QUITO, ECUADOR – Paralysing protests in Ecuador continued on Tuesday over a series of labour and tax reforms and President Lenin Moreno’s decision to scrap decades-old fuel subsidies.
Thousands of indigenous people who had been marching towards the capital, Quito, descended on the city on Tuesday. Protesters were reportedly able to briefly cross security lines into the National Assembly, before being moved out by police. Late on Tuesday, Moreno issued a decree that restricted movement from 8pm to 5am local time around government buildings.
Tuesday’s demonstrations came less than 24 hours after President Moreno moved his administration out of Quito following nearly a week of anti-austerity protests that paralysed public transportation and brought hundreds of arrests.
“We are rejecting the economic package implemented for the government of Moreno,” said Maria Boada, 56, who was at Monday’s protest representing the women’s rights collective, Women for Change. She spoke to Al Jazeera through a face mask doused in vinegar to help filter tear gas used by police on protesters.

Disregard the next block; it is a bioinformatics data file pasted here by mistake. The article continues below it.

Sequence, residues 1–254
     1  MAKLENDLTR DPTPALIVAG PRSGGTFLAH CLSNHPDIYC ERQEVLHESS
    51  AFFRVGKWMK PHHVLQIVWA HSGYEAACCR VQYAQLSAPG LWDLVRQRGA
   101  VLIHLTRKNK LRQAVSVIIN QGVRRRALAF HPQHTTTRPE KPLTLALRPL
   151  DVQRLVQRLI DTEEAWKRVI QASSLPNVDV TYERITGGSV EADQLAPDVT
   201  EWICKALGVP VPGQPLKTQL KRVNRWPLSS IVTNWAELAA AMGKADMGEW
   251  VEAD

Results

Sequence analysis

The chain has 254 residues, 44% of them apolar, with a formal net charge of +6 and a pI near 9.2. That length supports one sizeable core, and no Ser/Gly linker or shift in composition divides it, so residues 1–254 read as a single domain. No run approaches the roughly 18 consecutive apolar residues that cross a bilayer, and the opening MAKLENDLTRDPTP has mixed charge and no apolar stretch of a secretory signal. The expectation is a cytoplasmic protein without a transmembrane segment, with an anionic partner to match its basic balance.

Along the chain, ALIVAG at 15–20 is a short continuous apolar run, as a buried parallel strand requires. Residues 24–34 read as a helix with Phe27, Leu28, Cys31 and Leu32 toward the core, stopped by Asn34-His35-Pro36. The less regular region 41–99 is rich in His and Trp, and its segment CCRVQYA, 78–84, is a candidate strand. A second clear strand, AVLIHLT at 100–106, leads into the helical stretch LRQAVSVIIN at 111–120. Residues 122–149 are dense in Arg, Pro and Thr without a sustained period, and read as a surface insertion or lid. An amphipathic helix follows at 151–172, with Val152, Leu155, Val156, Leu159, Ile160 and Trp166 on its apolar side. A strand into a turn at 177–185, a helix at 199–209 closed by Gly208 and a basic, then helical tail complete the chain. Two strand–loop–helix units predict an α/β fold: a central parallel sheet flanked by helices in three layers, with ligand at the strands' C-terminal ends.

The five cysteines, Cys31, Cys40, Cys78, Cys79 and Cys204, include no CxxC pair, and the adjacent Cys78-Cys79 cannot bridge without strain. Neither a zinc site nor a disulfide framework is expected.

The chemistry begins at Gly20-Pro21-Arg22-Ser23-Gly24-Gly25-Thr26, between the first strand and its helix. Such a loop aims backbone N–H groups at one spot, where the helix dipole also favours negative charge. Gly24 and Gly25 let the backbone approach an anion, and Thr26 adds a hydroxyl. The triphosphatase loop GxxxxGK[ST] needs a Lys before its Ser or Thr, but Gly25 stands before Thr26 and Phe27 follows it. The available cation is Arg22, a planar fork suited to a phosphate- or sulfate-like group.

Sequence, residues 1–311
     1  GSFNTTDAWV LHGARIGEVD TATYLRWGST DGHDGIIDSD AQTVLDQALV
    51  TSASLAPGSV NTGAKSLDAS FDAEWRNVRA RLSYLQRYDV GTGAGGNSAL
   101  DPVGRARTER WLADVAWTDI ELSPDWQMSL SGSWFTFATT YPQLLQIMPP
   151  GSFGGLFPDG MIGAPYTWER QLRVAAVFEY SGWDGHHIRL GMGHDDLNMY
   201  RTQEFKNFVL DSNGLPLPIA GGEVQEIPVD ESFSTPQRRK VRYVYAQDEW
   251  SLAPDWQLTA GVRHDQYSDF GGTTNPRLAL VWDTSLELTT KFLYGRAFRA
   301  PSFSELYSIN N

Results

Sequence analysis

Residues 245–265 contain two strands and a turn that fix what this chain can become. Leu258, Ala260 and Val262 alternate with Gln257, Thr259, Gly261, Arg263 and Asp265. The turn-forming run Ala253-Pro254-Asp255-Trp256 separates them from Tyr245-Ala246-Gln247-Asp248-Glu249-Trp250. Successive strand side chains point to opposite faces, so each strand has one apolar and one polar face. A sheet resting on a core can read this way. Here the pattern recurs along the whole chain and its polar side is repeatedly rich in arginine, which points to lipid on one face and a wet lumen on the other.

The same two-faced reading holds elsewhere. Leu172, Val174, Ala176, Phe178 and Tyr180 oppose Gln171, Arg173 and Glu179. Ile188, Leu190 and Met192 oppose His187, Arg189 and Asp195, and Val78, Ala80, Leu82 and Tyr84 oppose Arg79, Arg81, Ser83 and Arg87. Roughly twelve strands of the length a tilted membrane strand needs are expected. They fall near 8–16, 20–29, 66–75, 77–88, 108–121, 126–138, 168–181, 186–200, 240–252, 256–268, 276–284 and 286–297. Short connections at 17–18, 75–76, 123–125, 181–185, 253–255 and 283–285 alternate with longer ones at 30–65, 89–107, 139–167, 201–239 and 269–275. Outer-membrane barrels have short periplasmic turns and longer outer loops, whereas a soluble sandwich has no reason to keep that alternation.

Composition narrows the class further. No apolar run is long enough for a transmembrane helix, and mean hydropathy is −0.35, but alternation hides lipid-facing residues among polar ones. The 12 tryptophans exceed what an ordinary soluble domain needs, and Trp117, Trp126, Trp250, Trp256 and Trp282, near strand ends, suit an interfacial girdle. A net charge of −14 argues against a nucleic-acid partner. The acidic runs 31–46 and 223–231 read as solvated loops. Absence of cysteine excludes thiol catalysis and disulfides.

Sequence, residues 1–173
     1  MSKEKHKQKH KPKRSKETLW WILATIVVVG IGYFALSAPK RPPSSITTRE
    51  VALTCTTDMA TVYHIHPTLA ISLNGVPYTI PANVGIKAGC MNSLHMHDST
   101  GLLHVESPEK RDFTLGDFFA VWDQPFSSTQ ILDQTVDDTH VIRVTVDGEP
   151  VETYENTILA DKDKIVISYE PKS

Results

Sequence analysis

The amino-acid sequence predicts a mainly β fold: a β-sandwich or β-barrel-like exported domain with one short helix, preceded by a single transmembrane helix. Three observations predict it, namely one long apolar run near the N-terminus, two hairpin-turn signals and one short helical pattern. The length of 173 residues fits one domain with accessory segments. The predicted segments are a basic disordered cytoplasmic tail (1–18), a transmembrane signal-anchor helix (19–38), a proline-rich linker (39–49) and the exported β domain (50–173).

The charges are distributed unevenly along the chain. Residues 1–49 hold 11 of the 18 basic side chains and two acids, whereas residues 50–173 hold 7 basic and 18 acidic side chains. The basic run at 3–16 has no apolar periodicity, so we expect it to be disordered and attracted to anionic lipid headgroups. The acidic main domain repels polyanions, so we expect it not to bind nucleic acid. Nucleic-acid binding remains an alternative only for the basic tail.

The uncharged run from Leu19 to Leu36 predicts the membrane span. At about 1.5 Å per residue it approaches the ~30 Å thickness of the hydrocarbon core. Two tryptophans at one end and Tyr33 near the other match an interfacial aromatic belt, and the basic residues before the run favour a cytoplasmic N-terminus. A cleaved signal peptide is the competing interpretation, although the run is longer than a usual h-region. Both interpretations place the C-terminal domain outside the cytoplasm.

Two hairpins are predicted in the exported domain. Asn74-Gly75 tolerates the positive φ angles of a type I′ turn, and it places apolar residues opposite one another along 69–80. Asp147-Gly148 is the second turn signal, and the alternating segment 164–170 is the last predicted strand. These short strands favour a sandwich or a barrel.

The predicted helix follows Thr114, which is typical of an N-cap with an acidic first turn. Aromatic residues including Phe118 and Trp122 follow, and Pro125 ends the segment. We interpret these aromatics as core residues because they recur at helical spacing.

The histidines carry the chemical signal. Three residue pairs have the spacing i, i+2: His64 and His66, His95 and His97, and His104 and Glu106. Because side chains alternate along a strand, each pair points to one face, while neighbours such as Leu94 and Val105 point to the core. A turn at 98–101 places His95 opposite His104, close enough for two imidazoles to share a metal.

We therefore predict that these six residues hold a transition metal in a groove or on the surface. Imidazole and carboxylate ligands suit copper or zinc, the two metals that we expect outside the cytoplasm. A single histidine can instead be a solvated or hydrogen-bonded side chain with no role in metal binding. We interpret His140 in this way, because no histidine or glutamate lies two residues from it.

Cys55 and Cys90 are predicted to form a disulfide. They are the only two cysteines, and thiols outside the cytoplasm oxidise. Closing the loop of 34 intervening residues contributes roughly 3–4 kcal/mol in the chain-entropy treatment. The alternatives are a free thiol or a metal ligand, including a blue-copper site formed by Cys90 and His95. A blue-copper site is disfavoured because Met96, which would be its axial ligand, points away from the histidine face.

“We are demanding that he lift the state of emergency and end the repression, and stop the labour reforms,” she said, referring to the state of emergency declared by Moreno last week.
Some protests have turned violent with police using tear gas and water cannon on demonstrators. According to officials at least 570 people had been arrested in the unrest.
Roads continue to be closed on Tuesday, disrupting travel plans and supply deliveries. Photos circulating on social media showed empty supermarket shelves in several major cities.
Reforms, subsidy cuts
The demonstrations erupted last week after the government announced it was cutting fuel subsidies, which had been in place for 40 years.
The government has been struggling with large foreign debt and a fiscal deficit. Moreno said the cuts to the fuel subsidies were a necessary part of the belt-tightening reforms the government has undertaken since accepting a $4.2bn IMF loan earlier this year.
Following the cuts, the price of diesel more than doubled and the price of petrol rose by nearly 30 percent.